Grief has a fantastic ability to convince us that we cannot get back up; it makes us question whether we can do the simplest things as before; it takes away a part of us and leaves behind a conviction etched in stone; that all is lost forever. It makes us question our role and purpose in our private lives but also in the service and care we provide for our patients and if it is indeed good enough.

As I navigated the murky waters of my own loss, people from this very Trust gathered around me and supported me in ways they knew how. Whilst they could not change my circumstances they made their position clear that they were there for me. Whether this was an email at a crucial time from Sara; David’s regular phone calls just to ensure I was ok; Wendy’s regular check-ins and WREN task-based therapy and Sharon’s ongoing infinite amount of tea and time – they all played their part in ensuring this inexperienced junior doctor had some form of clarity and support in the most unclear and isolating of times. They have all given me insight into not only the type of doctor or leader I want to be, but the type of person I want to be in these roles.

Continuing this reflection of the people in LYPFT, I have found hope and solace in the individuals who make up this Trust; the staff on grass root levels. My colleagues in CMHT OPS who have continuously endured my rookie mistakes, my work family working in the North Wing who always have kept spirits high during the most difficult of times and the trainee doctors who have regularly messaged and checked up on me.

Any reflection and gratitude is incomplete without considering WREN, its members and their contributions. WREN has become the crux of wellbeing and a safe space for anyone wanting to join and be present in any capacity they can. Despite the challenges of this year, the network members came together to celebrate diversity and inclusion on every platform. WREN, individually and collectively, has supported its members in unlearning, learning and voicing our vulnerabilities through this process. It has been a platform where we have cried together, held each other and stood in solidarity together. Each and every member has done what they know best – supporting earnestly, endlessly and abundantly without seeking a return. Whilst the pandemic has taken so much from us and will most likely continue to take, the spirit of WREN members has consolidated my belief in resilience and that we WILL get through this. It has indeed made me proud to be affiliated with the Trust and call these people my colleagues and friends.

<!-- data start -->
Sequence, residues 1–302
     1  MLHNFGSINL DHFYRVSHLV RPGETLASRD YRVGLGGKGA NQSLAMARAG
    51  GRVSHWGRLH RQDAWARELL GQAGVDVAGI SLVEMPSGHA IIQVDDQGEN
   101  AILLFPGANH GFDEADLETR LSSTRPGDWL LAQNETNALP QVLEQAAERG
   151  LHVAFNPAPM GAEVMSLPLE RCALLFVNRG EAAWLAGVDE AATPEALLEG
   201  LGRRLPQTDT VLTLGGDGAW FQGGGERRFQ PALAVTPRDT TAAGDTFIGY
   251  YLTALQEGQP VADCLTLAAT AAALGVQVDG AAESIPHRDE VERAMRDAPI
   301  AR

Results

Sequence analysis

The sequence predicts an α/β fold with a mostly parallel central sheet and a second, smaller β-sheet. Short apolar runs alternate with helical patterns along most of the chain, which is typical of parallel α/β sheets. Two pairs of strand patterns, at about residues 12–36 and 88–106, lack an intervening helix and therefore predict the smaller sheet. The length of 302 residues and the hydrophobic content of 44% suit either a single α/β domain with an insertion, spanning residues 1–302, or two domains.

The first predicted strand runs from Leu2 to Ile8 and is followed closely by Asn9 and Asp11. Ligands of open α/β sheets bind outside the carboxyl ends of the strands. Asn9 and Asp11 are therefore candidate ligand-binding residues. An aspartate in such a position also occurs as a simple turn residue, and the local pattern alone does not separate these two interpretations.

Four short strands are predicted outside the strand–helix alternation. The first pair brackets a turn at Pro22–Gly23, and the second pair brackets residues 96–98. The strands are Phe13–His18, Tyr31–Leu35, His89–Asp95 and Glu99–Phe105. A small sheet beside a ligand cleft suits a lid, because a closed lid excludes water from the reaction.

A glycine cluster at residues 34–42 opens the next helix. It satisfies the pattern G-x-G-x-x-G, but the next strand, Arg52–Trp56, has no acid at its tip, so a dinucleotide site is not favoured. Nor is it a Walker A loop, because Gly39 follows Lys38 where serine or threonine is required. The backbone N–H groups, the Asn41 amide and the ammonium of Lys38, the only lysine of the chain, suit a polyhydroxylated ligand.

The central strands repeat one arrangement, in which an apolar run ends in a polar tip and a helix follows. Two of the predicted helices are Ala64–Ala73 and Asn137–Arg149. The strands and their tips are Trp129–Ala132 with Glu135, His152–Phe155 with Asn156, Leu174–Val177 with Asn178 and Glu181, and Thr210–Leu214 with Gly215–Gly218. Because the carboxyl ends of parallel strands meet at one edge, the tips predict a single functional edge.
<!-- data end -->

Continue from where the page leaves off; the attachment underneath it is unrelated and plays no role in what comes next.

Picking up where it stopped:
The journey continues, however, as we move forward not only must we reflect on the lessons of this year but we must also decide upon the values that will define us as not only as individuals but also as the organisation we represent. We may be different versions of our former selves through this year, it perhaps would be abnormal if we were not, however, the constant that should remain is the continuous process of togetherness, solidarity and finding allies in our colleagues for our causes.

The message, which remains the same as it was in my first blog, has to be one of equality, inclusion and rooted in collective humanity.

Now more so than ever.